That being said I would definitely claim that for instance Occitan is a language in its own right if it still is spoken in its pure and undiluted form - and one reason is that I know its medieval form and can see the development go directly to the modern examples I can find on the internet (rather than as a tourist in France) - Occitan is NOT a dialect that has developed by diversification within the French language. It developed in parallel with the Langue d'oïl, alias French, and it had its own cultural institutions which were clearly separate from those of Northern French. If you had looked at the situation for instance around 1200 or 1300 then you wouldn't even have contemplated the thought of seeing one as being a dialect of the other.

Maybe there were (or are) other languages or dialects within the Hexagone for which the same thing can be said, but I haven't studied them.

However the discussion about Occitan illustrates one fundamental weakness of the separation between dialects and languages, namely that the distinction basically is a consequence of thinking about language in terms of generalogical trees. In terms of genealogy a language or language group can be defined by a unique series of soundshifts applied to a parent language - and most likely only applied by a subgroup of the speakers of this parent language, leaving the rest as speakers of a separate language/language group.

But the reality is that languages/dialects often appear on the basis of a dialectal continuum, and then the result will be a new continuum until politics and influence from cultural centres kill some of the variants. Some traits in something we categorize as dialect may therefore be inherited directly from one variant within the original continuum, while others have originated in the another variant, namely the one that gave rise to the main language variant. This is the idea behind wave theory, which for good reasons is the common reference system for dialectologists.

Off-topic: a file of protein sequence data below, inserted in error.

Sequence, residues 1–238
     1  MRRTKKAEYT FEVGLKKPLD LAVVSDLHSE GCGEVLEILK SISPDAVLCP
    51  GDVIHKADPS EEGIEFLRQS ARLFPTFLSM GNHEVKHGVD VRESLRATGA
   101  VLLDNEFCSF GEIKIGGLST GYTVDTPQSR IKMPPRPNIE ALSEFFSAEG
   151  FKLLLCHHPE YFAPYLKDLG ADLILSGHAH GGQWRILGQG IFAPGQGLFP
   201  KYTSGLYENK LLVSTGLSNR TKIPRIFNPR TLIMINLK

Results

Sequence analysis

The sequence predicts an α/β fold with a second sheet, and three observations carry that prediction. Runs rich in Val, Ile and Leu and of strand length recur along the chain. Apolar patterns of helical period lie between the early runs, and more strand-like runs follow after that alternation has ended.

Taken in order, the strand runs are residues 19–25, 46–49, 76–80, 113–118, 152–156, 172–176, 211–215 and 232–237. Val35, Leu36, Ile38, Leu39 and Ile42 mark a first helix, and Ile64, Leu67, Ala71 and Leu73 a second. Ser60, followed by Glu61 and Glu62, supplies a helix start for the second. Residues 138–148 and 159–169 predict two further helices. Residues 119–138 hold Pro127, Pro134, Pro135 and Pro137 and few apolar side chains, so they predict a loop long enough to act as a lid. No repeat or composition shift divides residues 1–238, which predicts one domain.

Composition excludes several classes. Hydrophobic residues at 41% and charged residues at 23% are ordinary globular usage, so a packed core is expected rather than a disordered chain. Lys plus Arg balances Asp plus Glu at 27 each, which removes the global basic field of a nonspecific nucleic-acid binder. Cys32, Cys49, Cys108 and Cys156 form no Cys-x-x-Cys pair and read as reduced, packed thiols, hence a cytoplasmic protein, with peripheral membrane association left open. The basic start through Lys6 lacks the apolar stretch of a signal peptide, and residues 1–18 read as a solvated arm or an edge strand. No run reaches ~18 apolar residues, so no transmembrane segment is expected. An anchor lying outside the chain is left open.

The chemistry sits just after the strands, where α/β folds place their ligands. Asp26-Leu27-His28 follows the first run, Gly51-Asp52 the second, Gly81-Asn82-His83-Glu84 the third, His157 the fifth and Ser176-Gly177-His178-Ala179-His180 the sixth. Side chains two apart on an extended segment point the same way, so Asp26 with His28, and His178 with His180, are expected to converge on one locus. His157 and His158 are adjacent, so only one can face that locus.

In other words: the linguistic difference between languages and dialects is fuzzy even at the phonological level. Intercomprehensibility is also an unreliable criterion, so at the end of the day we may just have to find some practical division lines - logical or (most likely) not. Some linguists want to have as few languages (but many dialects) in their systems, and others operate with a lot of closely languages. And some politicians and cultural VIPs apparently want one and only one language and no dialects within their field of influence, and in some parts of the world it seems that they succeed in getting it.
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Jean-Luc
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Re: Atlas sonore des langues régionales de France

Postby Jean-Luc » Sat Feb 02, 2019 10:35 pm

Appeler une langue, un dialecte a une connotation politique. On affirme sa langue régionale, on parle de dialectes dans un ministère pour les rabaisser et favoriser la langue "française" d'un jacobinisme langagier.

L'existence d'une langue écrite ou pas est aussi un critère de séparation entre langue et dialecte.
On n'écrit pas "dialectedoc" pour cette région française...
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Jean-Luc
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Re: Atlas sonore des langues régionales de France

Postby Jean-Luc » Mon Feb 04, 2019 6:32 am

Ogrim wrote:Trois chercheurs au Laboratoire d'Informatique pour la Mécanique et les Sciences de l'Ingénieur (LIMSI) du CNRS ont créé un atlas sonore des langues régionales de France. Cet article du Figaro présente le projet, voici le premier paragraphe:


Notons que l'on trouve aussi les langues régionales de l'Italie cachées dans "voisinages".